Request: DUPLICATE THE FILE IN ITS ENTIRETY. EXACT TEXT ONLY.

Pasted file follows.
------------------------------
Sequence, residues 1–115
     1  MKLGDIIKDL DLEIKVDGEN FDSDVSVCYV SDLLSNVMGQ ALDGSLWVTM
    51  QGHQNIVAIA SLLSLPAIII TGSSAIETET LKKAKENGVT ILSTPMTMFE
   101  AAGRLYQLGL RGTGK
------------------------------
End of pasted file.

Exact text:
Sequence, residues 1–115
     1  MKLGDIIKDL DLEIKVDGEN FDSDVSVCYV SDLLSNVMGQ ALDGSLWVTM
    51  QGHQNIVAIA SLLSLPAIII TGSSAIETET LKKAKENGVT ILSTPMTMFE
   101  AAGRLYQLGL RGTGK